The Pandora Box of Mobile – The Sky’s the Limit

If you were at the Web 2.0 Summit in San Francisco last week, you probably heard Pandora Founder Tim Westergren share that SEVENTY PERCENT of their usage is through mobile venues.  Yes.  70%.  And having created a super-successful digital space for themselves, Pandora doesn’t see Spotify, iTunes, or any other competition eating their lunch any time soon.

Tim Westergren shared the following about the portability of the iPhone and its impact on Pandora, “Overnight it transformed our business. We almost doubled our growth rate. It changed Pandora from being desktop computer radio to being like real radio.”

One can’t completely appreciate the enormous (and growing) impact of the mobile industry without really understanding its past. I recently interviewed my longtime colleague, Anthony Stonefield, a leader in the mobile and digital industries, who literally pioneered downloadable song distribution in the 90’s and popularized ringtones worldwide in 2000 (creating today’s $8 billion ringtone market). Anthony also executive produced the worldwide mobile program for the Live 8 event, and the mobile charity part of Melissa Ethridge’s “I Run for Life” breast cancer campaign, among others. I asked Anthony Stonefield where he thought super distribution will take us in the next few yeas and to talk about SmartPhones and their broad effect on users.

“Smartphones put everything that you had on your PC into your hand… I think what’s happening now is that we’re unlocking the true internet. Until today, we have always thought that we are driving the web, but now, SmartPhones are reaching down into the emerging markets, to the next several billion individuals, and these people are creating revolutions, changing the face of the planet, because they’re getting their first real-time connection to the rest of the world, through SmartPhones.  As these phones infiltrate emerging markets, we have a whole new world to embrace… this is changing the nature of the human being and the way we interact.”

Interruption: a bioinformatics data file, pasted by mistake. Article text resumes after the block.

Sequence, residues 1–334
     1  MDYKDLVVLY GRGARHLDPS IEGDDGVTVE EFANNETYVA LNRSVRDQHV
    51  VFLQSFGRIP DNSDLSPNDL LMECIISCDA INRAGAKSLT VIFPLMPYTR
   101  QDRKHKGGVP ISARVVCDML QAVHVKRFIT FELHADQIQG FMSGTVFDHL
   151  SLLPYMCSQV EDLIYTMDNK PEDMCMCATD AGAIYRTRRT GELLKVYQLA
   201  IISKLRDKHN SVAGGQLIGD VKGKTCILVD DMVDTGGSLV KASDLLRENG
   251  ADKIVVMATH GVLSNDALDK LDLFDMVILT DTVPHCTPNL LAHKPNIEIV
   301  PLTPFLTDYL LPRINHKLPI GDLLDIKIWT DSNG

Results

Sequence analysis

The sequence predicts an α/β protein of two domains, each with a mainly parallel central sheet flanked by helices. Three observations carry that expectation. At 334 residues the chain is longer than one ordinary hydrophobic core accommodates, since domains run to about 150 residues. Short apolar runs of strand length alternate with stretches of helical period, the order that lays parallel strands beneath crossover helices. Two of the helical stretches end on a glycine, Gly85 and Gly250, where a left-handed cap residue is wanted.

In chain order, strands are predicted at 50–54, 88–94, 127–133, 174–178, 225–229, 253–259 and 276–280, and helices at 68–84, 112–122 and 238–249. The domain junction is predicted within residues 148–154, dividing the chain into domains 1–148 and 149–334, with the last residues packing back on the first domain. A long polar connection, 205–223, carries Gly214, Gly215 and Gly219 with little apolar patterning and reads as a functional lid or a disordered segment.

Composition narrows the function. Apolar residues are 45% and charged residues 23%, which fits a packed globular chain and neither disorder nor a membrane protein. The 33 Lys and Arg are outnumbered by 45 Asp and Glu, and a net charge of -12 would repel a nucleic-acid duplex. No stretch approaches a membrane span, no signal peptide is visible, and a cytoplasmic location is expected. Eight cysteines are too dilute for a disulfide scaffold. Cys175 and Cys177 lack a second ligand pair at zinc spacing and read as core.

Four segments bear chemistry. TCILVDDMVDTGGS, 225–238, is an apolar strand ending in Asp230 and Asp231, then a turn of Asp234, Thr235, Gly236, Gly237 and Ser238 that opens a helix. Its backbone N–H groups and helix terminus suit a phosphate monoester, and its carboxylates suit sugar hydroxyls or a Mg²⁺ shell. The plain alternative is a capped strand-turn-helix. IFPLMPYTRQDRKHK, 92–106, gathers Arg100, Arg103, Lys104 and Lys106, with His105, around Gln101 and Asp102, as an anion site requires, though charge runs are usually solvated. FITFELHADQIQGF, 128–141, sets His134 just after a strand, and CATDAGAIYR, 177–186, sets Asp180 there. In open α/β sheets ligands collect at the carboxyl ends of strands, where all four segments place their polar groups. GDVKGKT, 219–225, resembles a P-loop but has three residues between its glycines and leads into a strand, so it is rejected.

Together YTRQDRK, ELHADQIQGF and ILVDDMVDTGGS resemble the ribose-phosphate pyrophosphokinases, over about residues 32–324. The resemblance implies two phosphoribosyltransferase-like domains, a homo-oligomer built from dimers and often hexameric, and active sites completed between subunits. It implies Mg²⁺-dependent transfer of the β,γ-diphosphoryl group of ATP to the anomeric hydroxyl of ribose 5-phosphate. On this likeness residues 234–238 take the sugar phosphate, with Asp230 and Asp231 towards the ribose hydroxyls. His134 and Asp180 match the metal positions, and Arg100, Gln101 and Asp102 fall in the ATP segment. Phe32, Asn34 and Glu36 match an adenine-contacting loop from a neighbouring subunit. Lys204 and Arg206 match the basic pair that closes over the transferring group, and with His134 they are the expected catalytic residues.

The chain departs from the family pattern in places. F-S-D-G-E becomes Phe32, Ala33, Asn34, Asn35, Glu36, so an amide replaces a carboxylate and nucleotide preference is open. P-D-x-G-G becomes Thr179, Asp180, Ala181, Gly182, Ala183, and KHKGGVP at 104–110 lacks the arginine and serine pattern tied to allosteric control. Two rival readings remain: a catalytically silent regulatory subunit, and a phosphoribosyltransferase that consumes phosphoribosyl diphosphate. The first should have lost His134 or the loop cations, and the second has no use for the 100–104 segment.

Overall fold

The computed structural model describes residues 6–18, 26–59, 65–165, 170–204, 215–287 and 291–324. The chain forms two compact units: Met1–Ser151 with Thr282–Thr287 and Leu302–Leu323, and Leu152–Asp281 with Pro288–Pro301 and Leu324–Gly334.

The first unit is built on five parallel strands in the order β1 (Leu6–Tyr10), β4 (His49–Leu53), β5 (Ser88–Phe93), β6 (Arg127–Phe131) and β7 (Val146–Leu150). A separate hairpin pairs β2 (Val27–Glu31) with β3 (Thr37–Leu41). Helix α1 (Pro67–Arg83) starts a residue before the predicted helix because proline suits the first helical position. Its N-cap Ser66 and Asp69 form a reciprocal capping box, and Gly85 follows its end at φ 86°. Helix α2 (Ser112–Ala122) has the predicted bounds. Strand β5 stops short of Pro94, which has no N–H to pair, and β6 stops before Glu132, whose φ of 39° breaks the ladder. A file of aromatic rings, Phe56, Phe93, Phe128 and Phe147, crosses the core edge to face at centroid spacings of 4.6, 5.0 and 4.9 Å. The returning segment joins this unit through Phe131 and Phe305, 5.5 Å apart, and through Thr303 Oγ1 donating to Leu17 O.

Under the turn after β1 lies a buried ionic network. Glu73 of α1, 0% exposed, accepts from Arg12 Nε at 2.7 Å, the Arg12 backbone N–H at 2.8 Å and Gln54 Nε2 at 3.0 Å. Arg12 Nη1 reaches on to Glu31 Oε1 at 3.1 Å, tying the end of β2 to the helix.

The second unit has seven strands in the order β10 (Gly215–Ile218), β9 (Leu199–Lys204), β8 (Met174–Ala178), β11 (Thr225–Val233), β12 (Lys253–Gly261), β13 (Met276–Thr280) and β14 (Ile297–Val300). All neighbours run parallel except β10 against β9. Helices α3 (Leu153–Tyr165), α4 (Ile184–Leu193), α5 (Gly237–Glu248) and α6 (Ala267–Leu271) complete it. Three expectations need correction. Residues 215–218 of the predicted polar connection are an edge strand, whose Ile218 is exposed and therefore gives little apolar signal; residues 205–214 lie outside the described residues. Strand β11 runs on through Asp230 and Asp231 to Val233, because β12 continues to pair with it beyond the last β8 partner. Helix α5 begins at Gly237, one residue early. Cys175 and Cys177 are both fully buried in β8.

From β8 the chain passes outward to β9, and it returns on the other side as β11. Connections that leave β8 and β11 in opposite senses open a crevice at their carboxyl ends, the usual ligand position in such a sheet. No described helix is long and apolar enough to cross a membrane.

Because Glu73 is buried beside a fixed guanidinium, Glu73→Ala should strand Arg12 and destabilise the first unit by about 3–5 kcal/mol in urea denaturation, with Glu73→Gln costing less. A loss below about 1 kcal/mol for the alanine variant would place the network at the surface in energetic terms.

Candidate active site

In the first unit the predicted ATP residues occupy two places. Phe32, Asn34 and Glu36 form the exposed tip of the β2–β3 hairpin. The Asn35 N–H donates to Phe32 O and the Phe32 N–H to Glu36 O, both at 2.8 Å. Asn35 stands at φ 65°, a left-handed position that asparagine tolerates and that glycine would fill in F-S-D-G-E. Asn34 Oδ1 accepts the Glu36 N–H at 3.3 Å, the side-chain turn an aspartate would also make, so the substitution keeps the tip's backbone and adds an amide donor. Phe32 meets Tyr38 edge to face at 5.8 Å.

“My experience is that entertainment media is always consumed on impulse.  So the technical solutions are also part of this equation.  4G will eventually enable a distribution model that can scale, but until then, we face serious limitations of scale… 4G has a way to go before it can provide viable, reliable user experiences, but it does enable a way to discover and present media very rapidly.”

You can hear the entire interview here.

Getting back to the future, so to speak, Pandora’s founder explained at the Web 2.0 Summit that Pandora transformed from a simple desktop radio to a “real” radio when users started taking their iPhones and plugging them into their cars and living rooms.  It’s important to realize that, conceptually, Tim Westergren does not consider Pandora competition to Apple, Spotify or other subscription music services.  He considers it a streaming radio service, and does not charge for participation.

With revenue skyrocketing due to ad sales, similar to traditional radio, Pandora has forayed further into radio, actually developing programming and content – and perhaps even newscasts and “sports radio” broadcasts in the future, further solidifying them as the leader in this industry – at least for now.  Like any great industry, competitors WILL show up.  AOL, who could arguably be called the founder of online radio, relaunched its own product within hours of Westergren’s speech, with half of the audio commercials.  (And AOL Radio already carries ESPN Radio and ABC News stations.)

It’s hard to know if AOL will be the biggest contender in the mobile war, but with Smartphones becoming the “transistor radios” of the future, Pandora’s box is definitely filled with opportunity.